Kana Looks to Cut Down the Silos of Customer Service
As innovations have led to new communication channels, including email, chat, text messaging, and Web self-service, a tremendous problem many contact centers face is tying all those channels together to foster a connected, seamless experience. Looking to end the era of a customer getting one answer via email, and a completely different one from a FAQ, Kana Software has unveiled Kana 10, a service experience management (SEM) platform that the company promises will help dismantle siloed customer experiences.
"Customers are more demanding and the market is moving much faster," explains Keith Goldberg, Kana's vice president of product marketing. "We're focused on controlling the service experience, and we've seen many changes with the Internet, mobile, and all different channels popping up for service."
Taking that into consideration, Kana 10 is a Web services–based solution incorporating IBM's services-oriented architecture (SOA) portfolio with Kana's traditional strong points in Web self-service and Web interaction management. "This solution is channel-agnostic, and because it's built on open-source technology using IBM's SOA framework, we can connect with any channel the service department needs," Goldberg says.
Major features in Kana 10 include:
- adaptive desktop, which provides unified access to relevant process, data, and knowledge during each service interaction;
- experience modeling, dubbed the Service Experience Modeler, which melds together workflow creation, screen building, business-logic construction, and integration with enterprise and knowledge systems without coding or Web development;
- key performance indicator optimization, monitoring in real time the objectives set for revenue, cost, customer satisfaction, and compliance via its Service Experience Optimizer; and
- knowledge-empowered processes, modifying the service experience on the fly due to unexpected responses and changing customer or business requirements with Service Experience Orchestrator.
"The real key differentiator that we have is the ability to control the service experience based upon the [Service] Experience Modeler," Goldberg says. "It lets you take the flow of the interaction the way you want to design it and implement it really quickly. The design of the experience flow is then very tightly coupled with the process flow, which is needed to fully control the service experience and [allow you to] react quickly."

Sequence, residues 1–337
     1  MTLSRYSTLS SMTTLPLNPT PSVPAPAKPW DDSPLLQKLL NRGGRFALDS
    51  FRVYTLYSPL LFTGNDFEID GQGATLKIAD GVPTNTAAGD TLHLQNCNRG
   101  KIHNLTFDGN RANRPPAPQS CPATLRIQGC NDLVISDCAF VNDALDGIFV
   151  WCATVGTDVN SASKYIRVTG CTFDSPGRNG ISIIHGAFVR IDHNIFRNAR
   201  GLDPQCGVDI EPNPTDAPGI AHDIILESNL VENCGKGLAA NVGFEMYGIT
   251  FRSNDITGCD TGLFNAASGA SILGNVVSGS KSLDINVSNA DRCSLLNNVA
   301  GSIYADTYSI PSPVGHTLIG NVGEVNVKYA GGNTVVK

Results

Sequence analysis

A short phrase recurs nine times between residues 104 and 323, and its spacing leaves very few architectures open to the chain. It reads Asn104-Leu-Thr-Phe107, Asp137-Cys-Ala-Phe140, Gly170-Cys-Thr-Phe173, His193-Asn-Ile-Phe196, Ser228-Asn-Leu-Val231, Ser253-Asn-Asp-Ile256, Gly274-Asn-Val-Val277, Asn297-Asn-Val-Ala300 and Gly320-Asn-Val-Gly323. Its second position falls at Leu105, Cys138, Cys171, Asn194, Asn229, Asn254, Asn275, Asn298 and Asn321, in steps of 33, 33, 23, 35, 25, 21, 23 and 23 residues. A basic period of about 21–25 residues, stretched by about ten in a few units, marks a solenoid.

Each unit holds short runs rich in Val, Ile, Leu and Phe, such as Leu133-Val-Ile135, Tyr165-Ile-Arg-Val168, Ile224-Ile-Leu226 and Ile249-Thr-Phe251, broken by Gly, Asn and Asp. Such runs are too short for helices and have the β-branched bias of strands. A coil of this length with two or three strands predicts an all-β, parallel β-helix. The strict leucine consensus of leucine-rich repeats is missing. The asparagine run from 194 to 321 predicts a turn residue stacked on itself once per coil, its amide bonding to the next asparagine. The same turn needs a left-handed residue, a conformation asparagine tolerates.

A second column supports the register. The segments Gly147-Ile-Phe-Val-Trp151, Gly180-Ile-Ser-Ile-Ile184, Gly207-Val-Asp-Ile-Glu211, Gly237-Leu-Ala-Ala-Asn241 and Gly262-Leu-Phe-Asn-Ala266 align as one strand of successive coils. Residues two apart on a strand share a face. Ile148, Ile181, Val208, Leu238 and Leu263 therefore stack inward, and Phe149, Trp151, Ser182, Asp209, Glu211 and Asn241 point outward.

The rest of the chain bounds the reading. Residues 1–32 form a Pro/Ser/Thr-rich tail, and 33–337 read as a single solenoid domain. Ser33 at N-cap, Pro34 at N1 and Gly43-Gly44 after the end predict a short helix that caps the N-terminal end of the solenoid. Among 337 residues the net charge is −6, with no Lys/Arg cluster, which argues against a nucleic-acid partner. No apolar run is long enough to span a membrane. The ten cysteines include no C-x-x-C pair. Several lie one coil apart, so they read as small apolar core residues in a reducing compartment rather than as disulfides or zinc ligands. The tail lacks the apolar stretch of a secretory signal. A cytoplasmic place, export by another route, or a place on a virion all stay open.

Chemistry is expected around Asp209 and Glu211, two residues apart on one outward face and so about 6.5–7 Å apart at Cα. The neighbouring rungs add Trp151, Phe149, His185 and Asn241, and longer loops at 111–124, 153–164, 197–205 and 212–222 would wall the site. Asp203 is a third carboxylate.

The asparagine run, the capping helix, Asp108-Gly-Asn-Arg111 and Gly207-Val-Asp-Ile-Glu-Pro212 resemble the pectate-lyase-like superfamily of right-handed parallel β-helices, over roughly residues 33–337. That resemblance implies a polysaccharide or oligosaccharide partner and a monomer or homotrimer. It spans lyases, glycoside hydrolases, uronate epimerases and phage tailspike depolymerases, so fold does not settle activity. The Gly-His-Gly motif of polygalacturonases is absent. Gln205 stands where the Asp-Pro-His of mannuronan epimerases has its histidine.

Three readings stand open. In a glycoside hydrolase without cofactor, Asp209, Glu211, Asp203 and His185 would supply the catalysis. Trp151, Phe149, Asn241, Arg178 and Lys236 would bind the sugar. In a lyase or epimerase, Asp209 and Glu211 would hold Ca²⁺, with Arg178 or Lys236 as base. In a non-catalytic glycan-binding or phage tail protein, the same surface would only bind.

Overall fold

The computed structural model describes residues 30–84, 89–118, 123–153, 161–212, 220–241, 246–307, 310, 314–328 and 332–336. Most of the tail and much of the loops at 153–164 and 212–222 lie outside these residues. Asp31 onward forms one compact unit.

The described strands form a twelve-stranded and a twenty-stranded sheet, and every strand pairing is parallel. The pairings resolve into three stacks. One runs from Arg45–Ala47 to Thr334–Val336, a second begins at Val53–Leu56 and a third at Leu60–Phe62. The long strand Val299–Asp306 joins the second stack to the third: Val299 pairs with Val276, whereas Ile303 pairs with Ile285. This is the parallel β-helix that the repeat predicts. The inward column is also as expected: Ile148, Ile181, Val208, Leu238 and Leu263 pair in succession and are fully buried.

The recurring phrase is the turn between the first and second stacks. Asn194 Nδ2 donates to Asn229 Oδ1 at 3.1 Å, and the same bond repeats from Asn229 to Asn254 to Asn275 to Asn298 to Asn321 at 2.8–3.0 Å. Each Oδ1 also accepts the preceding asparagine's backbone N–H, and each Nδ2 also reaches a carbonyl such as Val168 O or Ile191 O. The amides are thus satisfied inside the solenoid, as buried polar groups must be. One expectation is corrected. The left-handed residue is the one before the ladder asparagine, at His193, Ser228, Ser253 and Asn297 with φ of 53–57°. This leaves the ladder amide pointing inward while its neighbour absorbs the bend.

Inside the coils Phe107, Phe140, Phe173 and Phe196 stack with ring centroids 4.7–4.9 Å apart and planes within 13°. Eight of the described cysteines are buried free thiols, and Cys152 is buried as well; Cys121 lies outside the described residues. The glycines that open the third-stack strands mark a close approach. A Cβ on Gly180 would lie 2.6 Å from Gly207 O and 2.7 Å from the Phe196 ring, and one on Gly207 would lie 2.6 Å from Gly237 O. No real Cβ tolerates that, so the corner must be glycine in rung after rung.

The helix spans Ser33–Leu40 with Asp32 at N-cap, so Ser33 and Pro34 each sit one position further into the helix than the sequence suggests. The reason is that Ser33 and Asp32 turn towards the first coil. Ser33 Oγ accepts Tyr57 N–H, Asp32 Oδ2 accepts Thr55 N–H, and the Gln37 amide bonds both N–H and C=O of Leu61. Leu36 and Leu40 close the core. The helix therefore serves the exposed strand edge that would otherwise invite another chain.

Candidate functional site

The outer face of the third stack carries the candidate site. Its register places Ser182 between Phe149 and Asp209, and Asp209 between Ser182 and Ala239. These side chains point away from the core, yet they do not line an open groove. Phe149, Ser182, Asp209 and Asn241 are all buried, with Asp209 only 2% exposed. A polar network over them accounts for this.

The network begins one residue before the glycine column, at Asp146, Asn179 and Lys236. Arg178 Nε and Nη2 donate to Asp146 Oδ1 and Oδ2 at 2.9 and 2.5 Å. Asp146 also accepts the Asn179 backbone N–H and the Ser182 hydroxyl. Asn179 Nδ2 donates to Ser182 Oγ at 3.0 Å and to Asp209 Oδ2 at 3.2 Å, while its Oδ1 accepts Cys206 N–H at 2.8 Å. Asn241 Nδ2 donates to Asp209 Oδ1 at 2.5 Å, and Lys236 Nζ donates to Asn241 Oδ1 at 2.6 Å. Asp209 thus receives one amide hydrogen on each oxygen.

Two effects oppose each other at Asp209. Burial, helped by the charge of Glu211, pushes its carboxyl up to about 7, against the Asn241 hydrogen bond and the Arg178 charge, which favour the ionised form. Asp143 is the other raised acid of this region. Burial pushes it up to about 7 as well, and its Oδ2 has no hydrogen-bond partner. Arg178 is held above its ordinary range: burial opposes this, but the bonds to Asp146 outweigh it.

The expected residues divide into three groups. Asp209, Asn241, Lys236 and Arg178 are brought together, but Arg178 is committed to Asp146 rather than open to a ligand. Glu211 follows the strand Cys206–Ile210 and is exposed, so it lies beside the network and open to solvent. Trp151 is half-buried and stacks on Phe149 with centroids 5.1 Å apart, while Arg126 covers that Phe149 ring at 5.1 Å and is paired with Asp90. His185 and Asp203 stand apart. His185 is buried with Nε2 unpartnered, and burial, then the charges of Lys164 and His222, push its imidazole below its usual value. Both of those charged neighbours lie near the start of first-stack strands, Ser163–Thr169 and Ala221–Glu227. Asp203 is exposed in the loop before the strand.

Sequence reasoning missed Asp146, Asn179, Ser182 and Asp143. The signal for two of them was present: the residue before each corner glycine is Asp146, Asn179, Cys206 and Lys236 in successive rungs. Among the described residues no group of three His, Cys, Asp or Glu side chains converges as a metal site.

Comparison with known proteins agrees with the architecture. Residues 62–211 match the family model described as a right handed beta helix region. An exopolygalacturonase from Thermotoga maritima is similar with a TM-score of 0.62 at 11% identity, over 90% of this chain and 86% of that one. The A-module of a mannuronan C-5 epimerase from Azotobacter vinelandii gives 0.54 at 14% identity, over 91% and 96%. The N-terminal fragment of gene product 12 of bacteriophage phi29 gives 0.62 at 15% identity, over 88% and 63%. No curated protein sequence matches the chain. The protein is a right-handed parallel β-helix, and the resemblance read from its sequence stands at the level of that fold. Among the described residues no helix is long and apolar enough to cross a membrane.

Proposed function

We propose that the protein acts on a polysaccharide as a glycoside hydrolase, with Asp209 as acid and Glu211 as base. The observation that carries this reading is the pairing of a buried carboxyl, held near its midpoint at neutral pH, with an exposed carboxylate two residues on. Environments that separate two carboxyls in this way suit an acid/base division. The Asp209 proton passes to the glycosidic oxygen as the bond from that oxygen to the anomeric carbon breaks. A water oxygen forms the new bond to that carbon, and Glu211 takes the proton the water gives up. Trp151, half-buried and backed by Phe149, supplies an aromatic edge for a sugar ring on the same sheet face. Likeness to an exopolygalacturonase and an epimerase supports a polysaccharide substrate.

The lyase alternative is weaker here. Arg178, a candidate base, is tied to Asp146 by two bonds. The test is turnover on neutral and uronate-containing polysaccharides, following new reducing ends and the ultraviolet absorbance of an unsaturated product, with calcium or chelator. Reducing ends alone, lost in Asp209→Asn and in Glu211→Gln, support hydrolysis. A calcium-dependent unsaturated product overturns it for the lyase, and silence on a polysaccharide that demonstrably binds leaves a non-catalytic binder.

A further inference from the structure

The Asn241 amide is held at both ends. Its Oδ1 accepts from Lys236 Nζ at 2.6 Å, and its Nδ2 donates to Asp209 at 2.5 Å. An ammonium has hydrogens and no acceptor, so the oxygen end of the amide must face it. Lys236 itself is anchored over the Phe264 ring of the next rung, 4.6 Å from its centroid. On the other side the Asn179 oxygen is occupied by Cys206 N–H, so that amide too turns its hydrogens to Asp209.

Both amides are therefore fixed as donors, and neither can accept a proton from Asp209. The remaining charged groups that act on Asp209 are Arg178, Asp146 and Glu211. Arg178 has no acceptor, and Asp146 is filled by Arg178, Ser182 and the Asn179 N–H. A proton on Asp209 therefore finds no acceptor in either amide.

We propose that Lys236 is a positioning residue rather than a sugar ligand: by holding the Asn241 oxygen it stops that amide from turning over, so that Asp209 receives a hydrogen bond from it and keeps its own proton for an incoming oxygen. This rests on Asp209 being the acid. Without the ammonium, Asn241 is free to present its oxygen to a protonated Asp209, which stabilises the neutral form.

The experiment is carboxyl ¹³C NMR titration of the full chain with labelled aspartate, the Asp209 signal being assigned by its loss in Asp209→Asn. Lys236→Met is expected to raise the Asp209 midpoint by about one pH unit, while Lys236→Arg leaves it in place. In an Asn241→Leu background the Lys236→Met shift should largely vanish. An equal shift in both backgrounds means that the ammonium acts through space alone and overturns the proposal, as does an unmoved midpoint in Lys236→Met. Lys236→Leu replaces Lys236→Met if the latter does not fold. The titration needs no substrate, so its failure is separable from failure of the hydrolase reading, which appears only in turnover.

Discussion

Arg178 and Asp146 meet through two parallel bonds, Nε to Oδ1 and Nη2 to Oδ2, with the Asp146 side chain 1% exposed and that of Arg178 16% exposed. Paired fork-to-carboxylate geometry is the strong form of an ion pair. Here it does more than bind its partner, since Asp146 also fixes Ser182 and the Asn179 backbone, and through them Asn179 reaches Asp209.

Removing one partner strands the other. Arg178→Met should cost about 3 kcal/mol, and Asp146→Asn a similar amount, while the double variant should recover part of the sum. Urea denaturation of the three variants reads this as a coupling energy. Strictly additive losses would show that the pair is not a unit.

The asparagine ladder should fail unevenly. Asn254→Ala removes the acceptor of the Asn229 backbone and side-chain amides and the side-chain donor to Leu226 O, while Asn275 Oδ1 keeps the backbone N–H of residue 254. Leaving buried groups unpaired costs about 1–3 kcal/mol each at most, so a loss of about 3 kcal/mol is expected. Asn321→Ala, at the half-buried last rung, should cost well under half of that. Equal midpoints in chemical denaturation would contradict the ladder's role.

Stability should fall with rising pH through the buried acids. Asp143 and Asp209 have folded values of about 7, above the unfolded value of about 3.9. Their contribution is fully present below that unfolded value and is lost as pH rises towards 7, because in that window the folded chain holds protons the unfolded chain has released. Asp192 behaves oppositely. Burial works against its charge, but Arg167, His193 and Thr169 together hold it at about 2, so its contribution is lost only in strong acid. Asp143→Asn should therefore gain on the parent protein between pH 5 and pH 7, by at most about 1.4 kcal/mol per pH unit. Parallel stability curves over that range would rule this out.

Chip Gliedman, vice president and principal analyst for Forrester Research, says that contact centers' service strategies have long needed -- and still need -- to have a more service-oriented approach. "You can't differentiate by the channel," he insists. "It's [all] customer service. All these silos that have been set up to handle a [single] communication channel had to break down."
Gliedman says that Kana is hitting the right notes with this release, adding that he sees the industry trending toward the delivery of a quality customer experience across myriad touchpoints. "Kana's taken apart the product into its basic components and has a Web services wrapper around each of the pieces, which allows them to be used and assembled as needed," he says. "In that respect, it's the right product. It's the only way to effectively deliver customer service across multiple platforms."
The only thing that may hold up adoption, Gliedman says, is the economy. He explains that this desire to crush silos is not uncommon among today's companies, but talking the talk and laying down investment dollars are two entirely different things. "It's probably not until things start picking up that companies will do anything other than patch-the-hole solutions," he predicts. "On one hand, this would give those willing to take this step now the chance to get ahead of the competition. On the other hand, many corporations have the 'cash is king' mentality and are hunkering down."
It's no shock that Goldberg says he holds the opposite view, and that this is the opportune moment -- despite the economy. "We actually think the timing is perfect," he insists. "People are looking to plan for what they need to do now during the recession in order to more effectively align themselves to take advantage of next year. This is the perfect time for us to be launching to the market."
Gliedman says the proof will be in the adoption, but, either way, other vendors will likely be aiming their upcoming solutions down the same silo-breaking paths. "This is the first of what I expect to be a wave of products that eventually look like this," he says. "It's the first one, and it's the right way to do things."
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